Page 3 of 541

Posted: August 13th, 2007, 6:01 am
by feaito
Moraldo, I had forgotten "Kind Hearts and Coronets"... What a film!!

Posted: August 13th, 2007, 8:00 am
by movieman1957
I saw "The Bourne Ultimatum" last night. My biggest complaint was with the theater. It was so loud my ears are still ringing.

The film itself was at times pretty clever. Damon is good. If it's possible there might be too many action sequences. Lots of shaky hand held camera shots that were annoying for me. Music that was not so much music as it was a sustained riff. Damon actually is beginning to look the age for the part. Nice to see Albert Finney too. The movie makes a nice travelogue. Spain, Italy, Morocco, England, oh and also NY.

If you enjoyed the first two I think you'll like this one too.

Dana Andrews said prunes give him the runes...

Posted: August 13th, 2007, 3:35 pm
by benwhowell
I thoroughly enjoyed "Curse Of The Demon." Jacques Tourneur is s master manipulator of shadows and light...and psychological suspense. I am also glad that "The Demon" was shown. It totally looked like a demon from a book on "black magic" and it gave me quite a fright!
It was also fun to see those kids playing "Snakes And Ladders!" I wonder why the American version was "Chutes And Ladders?" Brought back memories of childhood playing that game and "Candyland."

Re: Dana Andrews said prunes give him the runes...

Posted: August 13th, 2007, 5:22 pm
by Moraldo Rubini
benwhowell wrote:I thoroughly enjoyed "Curse Of The Demon." Jacques Tourneur is s master manipulator of shadows and light...and psychological suspense. I am also glad that "The Demon" was shown. It totally looked like a demon from a book on "black magic" and it gave me quite a fright!
It was also fun to see those kids playing "Snakes And Ladders!" I wonder why the American version was "Chutes And Ladders?" Brought back memories of childhood playing that game and "Candyland."

I love this moody movie too. It's haunting! Come tell us more, Ben:

http://silverscreenoasis.com/oasis/viewtopic.php?t=744

Posted: August 13th, 2007, 5:32 pm
by SSO Admins
I haven't been to a theater in a while. I should go.

I've been doing a lot of reading lately, but I've watched a few movies. Recent viewings:

The Hatchet Man with Edward G. Robinson and Loretta Young playing Chinese characters. Decent flick with a great ending.

The Avenging Conscience with Henry B. Walthall. Griffith's weirdest movie ever.

Un chapeau de paille d'Italie (The Italian Straw hat). A very funny French silent.

Currently I'm re-watching Hiroshi Inagaki's Miyamoto Musashi trilogy. I always enjoy this.

Posted: August 14th, 2007, 12:49 pm
by pktrekgirl
I don't go to the theatre much anymore except for really huge scifi CGI-intense blockbusters that always look better on the big screen. So the last film I saw in the theatre was PIRATES OF THE CARIBBEAN - AT WORLD'S END, which I LOVED.

Johnny Depp is by far my favorite among the 'current' movie stars - I think he is brilliant. And as an added bonus, Orlando Bloom provides some pretty breathtaking window-dressing. The CGI in this film is just tremendous, and I love the story.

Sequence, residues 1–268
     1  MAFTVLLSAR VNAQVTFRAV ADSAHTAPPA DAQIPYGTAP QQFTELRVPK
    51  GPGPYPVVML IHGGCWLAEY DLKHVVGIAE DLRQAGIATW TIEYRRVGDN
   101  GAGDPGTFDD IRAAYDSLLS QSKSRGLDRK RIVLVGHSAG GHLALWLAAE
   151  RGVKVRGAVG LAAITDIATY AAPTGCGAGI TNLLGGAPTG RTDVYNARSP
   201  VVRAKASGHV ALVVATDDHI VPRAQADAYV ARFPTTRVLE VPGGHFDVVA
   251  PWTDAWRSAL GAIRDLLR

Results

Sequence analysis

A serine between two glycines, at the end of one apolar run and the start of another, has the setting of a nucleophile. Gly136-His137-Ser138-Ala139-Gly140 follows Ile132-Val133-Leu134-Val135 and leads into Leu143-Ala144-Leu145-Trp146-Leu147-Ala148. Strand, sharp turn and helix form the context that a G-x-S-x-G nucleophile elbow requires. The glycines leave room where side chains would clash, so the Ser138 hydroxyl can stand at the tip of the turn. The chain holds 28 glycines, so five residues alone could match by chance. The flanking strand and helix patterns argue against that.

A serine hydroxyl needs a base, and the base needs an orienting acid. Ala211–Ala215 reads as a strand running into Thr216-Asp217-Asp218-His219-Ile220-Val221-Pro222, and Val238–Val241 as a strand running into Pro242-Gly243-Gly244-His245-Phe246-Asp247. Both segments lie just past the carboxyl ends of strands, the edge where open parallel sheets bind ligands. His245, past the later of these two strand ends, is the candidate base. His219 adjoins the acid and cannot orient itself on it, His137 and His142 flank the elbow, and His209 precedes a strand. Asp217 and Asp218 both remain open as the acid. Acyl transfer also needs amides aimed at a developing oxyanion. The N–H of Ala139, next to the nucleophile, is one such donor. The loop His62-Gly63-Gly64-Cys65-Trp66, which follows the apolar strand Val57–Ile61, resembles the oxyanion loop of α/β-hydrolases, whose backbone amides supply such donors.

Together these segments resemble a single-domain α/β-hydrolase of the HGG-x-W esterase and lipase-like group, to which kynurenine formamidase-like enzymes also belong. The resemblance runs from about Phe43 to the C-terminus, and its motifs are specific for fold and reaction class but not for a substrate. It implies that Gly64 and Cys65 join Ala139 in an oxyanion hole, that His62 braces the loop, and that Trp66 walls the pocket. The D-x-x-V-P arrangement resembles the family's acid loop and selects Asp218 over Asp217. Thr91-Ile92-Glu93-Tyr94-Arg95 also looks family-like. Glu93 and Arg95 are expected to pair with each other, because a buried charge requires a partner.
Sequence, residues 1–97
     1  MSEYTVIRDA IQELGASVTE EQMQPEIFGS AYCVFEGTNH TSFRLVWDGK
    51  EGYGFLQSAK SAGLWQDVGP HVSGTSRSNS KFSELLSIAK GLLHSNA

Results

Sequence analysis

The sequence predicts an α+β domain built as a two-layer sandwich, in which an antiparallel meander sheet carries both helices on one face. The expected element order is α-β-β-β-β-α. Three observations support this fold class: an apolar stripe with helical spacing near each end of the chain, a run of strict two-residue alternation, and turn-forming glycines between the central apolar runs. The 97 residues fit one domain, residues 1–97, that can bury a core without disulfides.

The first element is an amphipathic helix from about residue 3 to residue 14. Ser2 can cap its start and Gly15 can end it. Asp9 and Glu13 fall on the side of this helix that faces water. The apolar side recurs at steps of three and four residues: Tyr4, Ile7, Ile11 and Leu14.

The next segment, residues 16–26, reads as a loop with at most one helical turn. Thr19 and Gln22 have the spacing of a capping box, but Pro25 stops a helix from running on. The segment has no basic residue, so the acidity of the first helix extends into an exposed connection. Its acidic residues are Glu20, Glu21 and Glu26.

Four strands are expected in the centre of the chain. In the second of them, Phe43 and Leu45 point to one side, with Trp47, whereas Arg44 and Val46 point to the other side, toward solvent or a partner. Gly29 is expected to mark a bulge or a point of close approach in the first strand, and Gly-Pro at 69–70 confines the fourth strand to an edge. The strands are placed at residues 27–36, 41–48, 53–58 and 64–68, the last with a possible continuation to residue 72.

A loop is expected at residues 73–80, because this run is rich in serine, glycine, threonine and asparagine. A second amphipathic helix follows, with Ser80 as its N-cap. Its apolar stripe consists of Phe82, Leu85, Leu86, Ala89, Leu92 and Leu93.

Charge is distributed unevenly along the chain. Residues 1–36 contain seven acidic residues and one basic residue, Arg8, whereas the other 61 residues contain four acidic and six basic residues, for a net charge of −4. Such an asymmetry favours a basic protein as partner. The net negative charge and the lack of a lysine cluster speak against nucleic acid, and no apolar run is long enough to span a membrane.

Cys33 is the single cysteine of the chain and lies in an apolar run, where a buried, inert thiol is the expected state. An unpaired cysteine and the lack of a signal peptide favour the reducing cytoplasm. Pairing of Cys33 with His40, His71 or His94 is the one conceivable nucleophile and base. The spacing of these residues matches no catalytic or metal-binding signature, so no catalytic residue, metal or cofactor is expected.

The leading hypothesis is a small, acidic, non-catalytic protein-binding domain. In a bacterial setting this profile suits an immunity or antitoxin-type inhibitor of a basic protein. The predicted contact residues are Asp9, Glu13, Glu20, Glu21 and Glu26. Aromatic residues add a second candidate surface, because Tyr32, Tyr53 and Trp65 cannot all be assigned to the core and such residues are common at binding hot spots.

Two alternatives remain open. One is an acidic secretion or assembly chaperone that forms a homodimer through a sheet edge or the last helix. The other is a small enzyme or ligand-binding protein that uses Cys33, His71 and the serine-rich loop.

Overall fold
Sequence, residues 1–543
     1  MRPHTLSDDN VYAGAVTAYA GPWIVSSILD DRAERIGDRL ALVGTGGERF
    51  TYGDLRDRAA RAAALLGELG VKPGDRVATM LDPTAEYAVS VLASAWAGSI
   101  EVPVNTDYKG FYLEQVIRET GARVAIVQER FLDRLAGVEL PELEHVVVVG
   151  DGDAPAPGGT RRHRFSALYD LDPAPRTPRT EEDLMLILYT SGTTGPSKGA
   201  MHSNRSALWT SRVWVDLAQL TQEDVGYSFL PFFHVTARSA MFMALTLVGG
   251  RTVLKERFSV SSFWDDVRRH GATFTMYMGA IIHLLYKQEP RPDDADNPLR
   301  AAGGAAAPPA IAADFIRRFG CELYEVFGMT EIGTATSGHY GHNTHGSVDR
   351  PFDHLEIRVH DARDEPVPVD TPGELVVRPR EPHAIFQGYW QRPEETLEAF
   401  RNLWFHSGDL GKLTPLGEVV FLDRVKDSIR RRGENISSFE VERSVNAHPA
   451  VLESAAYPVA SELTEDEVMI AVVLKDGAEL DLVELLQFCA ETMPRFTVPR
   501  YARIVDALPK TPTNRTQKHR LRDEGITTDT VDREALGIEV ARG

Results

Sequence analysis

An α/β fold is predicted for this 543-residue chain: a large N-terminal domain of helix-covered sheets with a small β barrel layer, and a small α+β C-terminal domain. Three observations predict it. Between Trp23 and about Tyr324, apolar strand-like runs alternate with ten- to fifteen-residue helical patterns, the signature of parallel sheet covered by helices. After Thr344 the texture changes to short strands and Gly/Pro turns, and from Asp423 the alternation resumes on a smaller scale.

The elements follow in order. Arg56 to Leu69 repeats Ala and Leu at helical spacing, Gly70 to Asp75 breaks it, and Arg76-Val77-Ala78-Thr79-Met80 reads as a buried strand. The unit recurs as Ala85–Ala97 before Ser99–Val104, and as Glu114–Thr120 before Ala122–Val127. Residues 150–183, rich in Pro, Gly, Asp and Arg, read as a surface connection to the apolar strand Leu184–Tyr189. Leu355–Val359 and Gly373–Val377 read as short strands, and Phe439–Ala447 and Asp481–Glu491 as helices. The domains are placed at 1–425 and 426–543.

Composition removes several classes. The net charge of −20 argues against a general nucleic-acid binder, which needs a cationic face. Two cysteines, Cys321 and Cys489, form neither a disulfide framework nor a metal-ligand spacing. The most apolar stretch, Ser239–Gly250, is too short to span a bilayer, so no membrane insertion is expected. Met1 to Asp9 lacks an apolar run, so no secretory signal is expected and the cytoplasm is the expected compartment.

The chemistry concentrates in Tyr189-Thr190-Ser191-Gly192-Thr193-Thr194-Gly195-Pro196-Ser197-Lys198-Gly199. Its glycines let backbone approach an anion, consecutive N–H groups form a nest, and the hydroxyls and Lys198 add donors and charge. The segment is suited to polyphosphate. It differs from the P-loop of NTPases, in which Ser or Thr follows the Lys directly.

As for classic film, I've been on a Dana Andrews jag, courtesy of TCM's Dana Andrews day, combined with my recent acquisition of FMC. Watched SPRING REUNION and ASSIGNMENT- PARIS the other day, and enjoyed both of them. And I plan to watch IRON CURTAIN which is coming on FMC during the next couple of days.

I also watched THE LATE GEORGE APLEY (1947) on FMC the other day. Have I mentioned how much I love Ronald Colman??? 8) The film itself was a bit slow...but Ronald Colman was simply BRILLIANT as usual, and made the whole thing immensely fun to watch. Perfectly cast, by the way - couldn't have picked an actor more suited to the role of 'Cousin George' than Ronald Colman.

I got a whole slew of Irene Dunne films in the mail from Europe yesterday...I'm gonna try and watch a couple of them later this week.

White Hell

Posted: August 15th, 2007, 1:19 pm
by Moraldo Rubini
Last night I donned gloves, muffler and parka to watch Die Weiße Hölle vom Piz Palü ("The White Hell of Piz Palü"). Apparently directed by both Arnold Fanck and G.W. Pabst -- I seem to be attracted to collaborative works lately (see Les Enfants Terrible above). This silent film from 1929 is probably best known as one of the movies starring the Queen of Alpine flicks -- Leni Riefenstahl. Fraulein Riefenstahl, of course, is better known for directing her own works Triumph des Willens and the Olympiad movies for Hitler. She passed away only a few years ago, at the age of 101 and the DVD included an hour long interview with this very active centegenarian.

I first learned of the mountaineering genre when I saw Die Macht der Bilder: Leni Riefenstahl ("The Wonderful, Horrible Life of Leni Riefenstahl"), and have been curious to see them. When Tower DVD collapsed I ransacked their sales and bought Piz Palü. It's an exercise in visual poetry; studies of the cold, snow, developing ice crystals, icicles and must have been very ambitious at the time. It seemed to be a throwback to the Romantic idea of the "sublime". The mountains are vast, seemingly alive and aggresively dominating man.

Apparently the film was rereleased in a sound version in 1935 and an excerpt of this poorly dubbed version is included in the supplemental material. At least the score was better suited than the competitive blare included on the silent version. At one point, a mountaineering rescue team ascends the brutal incline accompanied by a bolero. Bizarre choices.

Some of the photography is striking, especially the descent into the "white hell", littered with the broken bodies of fallen climbers. Night scenes, lit by torches in the snow. Gorgeous. Close-ups of faces as rugged and handsome as the Eiger itself. They had faces then.

The pace is slow; the plot, simple. Moody Gustav Diessl was the real star of this movie (besides the mountain itself). He made a number of pictures with Pabst. Has anyone seen the fantasy Die Herrin von Atlantis?

Three features in a day

Posted: August 15th, 2007, 8:12 pm
by feaito
Due to the fact that today's a national holiday in my country I could watch three films! Seize the day, they say!: